Interview by Arta Raituma
Published in October 2023
Firstly, I would like to ask about your artistic practice and what are some of the core ideas?
So I am an experimental musician and a multimedia designer. However, I always liked the term 'multidisciplinary artist', as I often enjoy exploring and discovering new and different artistic mediums. At the core of my work, I often find recurring themes. I have a deep fascination for the duality between the natural and the digital, finding beauty both in the subtle qualities of a natural soundscape and the distorted artifacts of a digital file. In between these two worlds lies the space where I work and build upon.
What has been the most challenging work you have created so far?
Definitely releasing my first album 2_22, which I did back in February. The whole project revolves around preserving and reflecting upon a very intense year of my life, from which I single out specific key moments that would later form fully-fledged songs. By putting all this emotional weight on the project, I often felt like I trapped myself in a corner, as no song would ever do justice to the feeling I sought to explore. Eventually, everything flows, and from an amorphous pile of feelings and textures, gentle compositions began to sprout.
How has your artistic practice changed over the years regarding the course of the research, usage of materials and your preffered way of presenting your work?
I feel like my earlier practice was very inspired by the wondrous possibilities of the digital realm. Suddenly I could get my hands upon professional level tools and programs which I used as an abstract playground that would pave the way towards my current artistic expression. However, lately I've been more and more attracted to physical and manual mediums, like my handy notebook for writing and drawing, and my tape deck that I'm currently learning. I like how 'human' these heirlooms often feel, adding faults and artifacts that act as a form of expression by themselves.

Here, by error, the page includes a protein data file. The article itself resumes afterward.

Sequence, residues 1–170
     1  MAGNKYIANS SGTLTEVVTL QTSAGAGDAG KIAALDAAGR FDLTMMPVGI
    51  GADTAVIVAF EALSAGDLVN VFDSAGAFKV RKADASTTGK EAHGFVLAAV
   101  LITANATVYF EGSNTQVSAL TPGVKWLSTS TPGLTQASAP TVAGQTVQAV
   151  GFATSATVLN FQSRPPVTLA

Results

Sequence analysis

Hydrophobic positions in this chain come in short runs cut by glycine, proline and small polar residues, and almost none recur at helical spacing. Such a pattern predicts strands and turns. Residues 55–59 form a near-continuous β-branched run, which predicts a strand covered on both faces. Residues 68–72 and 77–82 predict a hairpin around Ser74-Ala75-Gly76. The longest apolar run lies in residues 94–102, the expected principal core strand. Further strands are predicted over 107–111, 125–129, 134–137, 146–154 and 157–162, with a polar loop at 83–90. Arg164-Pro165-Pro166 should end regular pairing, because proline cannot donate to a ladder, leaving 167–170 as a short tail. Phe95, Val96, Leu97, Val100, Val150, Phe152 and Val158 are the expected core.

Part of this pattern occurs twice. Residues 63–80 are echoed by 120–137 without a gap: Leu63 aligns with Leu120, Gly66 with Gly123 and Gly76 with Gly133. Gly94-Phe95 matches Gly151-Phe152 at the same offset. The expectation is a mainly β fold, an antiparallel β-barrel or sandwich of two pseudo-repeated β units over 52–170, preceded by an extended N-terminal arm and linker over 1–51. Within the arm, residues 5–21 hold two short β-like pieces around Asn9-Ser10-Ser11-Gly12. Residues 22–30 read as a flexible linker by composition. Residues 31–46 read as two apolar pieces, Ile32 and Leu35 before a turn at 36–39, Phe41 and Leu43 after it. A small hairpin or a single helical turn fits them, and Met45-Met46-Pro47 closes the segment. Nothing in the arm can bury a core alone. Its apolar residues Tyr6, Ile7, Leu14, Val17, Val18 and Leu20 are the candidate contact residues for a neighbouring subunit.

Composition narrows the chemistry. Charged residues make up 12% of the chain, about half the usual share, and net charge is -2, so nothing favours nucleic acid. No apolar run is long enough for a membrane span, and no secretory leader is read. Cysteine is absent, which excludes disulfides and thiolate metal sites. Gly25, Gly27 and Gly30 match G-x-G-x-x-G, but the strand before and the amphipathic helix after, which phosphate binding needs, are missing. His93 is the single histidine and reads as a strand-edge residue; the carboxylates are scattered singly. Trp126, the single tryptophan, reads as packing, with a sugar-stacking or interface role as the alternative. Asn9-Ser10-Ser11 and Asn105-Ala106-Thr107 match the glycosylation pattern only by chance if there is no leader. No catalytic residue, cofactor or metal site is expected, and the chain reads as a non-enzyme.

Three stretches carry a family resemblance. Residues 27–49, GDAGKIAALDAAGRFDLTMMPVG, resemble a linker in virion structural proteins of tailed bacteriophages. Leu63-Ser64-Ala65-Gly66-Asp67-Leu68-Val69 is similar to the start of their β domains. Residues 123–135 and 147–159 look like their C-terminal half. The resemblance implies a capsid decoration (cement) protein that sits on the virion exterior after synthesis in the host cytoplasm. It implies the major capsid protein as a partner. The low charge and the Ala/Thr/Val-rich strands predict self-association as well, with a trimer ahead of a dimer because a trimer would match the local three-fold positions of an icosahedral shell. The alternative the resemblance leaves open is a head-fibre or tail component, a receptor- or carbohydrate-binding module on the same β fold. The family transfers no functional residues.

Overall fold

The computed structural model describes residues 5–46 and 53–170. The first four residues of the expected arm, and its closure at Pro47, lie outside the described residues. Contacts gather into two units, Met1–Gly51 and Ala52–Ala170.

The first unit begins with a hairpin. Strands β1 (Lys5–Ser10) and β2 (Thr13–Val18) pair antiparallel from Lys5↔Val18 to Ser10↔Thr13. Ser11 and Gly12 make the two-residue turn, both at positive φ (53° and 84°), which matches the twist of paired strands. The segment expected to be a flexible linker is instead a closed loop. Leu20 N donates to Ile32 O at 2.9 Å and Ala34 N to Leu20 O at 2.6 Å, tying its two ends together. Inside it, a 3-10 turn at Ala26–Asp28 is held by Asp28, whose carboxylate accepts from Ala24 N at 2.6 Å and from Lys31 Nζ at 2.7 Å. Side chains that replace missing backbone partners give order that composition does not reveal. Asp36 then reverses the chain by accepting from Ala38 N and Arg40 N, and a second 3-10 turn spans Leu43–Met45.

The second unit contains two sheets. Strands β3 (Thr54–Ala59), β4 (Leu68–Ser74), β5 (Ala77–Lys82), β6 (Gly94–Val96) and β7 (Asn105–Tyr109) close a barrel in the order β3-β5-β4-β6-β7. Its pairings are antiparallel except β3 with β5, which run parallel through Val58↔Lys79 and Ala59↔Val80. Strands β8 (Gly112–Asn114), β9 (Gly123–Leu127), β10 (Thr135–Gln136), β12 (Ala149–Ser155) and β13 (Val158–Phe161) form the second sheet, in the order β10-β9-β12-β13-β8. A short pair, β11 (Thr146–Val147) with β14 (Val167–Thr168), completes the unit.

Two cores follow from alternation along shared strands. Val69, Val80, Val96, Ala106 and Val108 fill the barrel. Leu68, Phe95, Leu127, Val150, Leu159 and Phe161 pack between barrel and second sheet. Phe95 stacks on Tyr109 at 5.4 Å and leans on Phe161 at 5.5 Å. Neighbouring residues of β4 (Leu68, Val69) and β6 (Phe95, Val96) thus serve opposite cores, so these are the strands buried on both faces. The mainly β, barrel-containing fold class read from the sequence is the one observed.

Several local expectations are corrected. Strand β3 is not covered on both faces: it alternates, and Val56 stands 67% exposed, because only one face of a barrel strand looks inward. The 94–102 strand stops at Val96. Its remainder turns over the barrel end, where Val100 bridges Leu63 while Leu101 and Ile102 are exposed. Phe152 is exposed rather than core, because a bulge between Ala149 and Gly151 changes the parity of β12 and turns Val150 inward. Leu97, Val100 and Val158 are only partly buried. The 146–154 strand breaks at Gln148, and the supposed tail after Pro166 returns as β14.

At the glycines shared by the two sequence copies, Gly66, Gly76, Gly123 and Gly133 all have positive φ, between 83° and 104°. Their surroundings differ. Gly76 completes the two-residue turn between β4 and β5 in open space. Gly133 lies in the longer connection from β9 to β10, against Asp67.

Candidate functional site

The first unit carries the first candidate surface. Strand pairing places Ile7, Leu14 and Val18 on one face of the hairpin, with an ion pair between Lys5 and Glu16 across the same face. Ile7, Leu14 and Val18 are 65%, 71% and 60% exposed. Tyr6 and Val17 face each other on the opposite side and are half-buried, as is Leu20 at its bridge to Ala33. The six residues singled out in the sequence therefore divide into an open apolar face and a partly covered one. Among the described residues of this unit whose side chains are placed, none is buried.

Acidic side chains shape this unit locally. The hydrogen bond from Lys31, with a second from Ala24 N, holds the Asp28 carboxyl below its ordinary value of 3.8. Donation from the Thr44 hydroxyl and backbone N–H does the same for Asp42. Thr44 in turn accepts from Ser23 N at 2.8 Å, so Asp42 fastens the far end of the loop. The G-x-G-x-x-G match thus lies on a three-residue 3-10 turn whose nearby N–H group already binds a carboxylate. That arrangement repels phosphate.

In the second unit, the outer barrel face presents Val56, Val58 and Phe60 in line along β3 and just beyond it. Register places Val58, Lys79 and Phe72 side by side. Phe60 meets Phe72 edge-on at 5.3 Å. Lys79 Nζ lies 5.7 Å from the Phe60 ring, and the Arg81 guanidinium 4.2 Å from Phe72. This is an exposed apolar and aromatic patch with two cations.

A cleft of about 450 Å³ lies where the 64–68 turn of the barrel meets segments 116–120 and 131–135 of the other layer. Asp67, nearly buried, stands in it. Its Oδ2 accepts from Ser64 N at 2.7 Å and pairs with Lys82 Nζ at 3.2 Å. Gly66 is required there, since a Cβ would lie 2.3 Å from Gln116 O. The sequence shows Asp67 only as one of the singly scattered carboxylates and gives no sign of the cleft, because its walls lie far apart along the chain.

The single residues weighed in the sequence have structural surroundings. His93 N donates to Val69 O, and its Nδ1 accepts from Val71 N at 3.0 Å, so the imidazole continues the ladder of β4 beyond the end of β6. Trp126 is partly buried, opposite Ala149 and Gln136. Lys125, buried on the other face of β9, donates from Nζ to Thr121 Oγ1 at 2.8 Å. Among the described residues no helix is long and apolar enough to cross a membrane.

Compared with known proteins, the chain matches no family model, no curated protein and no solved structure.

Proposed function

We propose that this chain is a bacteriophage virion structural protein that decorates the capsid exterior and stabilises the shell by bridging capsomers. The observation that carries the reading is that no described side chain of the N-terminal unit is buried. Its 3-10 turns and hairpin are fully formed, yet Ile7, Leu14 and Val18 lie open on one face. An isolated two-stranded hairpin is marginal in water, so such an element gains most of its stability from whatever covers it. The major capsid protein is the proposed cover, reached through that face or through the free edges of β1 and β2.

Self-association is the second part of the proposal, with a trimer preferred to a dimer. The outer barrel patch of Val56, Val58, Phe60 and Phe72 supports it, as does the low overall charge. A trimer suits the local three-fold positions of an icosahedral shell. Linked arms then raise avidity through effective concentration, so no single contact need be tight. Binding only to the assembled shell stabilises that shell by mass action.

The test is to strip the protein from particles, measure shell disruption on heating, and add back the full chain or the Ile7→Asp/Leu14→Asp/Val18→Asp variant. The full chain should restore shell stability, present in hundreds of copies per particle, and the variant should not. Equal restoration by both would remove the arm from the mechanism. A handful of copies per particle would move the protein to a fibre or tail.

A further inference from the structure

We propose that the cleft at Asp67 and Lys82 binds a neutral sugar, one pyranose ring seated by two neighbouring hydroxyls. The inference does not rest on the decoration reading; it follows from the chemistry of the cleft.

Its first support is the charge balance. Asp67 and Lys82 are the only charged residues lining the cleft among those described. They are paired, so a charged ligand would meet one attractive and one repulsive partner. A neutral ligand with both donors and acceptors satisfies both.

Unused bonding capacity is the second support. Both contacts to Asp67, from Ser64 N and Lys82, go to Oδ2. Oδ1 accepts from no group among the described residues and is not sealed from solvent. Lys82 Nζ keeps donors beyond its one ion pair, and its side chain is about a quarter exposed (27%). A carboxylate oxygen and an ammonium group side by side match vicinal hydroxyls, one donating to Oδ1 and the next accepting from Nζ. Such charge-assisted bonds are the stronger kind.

Who are some of your inspirational artists?
I'll choose just one that has accompanied me throughout my life for a while now. Phil Elverum is an experimental folk musician known for projects like Mount Eeerie and The Microphones. Through these, he finds an avenue not only to experiment with different instruments, textures and recording techniques, but also a space to explore and build upon his world view and philosophy, much rooted in nature, spirituality and mainly a curiosity towards the 'great questions' in the known universe. This man can put me to tears with a single guitar strum. Do check him out!
As we both are familiar with NFTs and the digital influence on contemporary visual art as well as the spirit of the organic, I would like to ask - how do you combine technology and nature in your practice?
I'm deeply interested in both the natural world and the digital realm. Even though these worlds may at first be antagonistic, I find joy in exploring new organic ways to combine these different perspectives, aiming to bring together in the present moment both our natural past and digital future.
On social media I found out that you have performed at Arena Artspace in Porto and it was a nice surprise as I have done that as well back in January 2022. How was your experience? And what do you enjoy most about live performances in general, both yours and those of other artists?
Arena Artspace was great because it truly felt like a genuine, safe space for exploring our artistic avenues without any egos or expectations. A group of people that create and share because they need to, and no other ulterior motive. That's why I always love smaller venues, where you effectively feel like you're connecting with others. To me performing is all about connection.
Do you have any plans or upcoming projects?
I'm releasing a compilation of remixes of my album very soon, both digitally and in a cassette!
This interview was initiated by Muti Collective
If you like this why not read our interview with Adam Grainger & Leah Hickey
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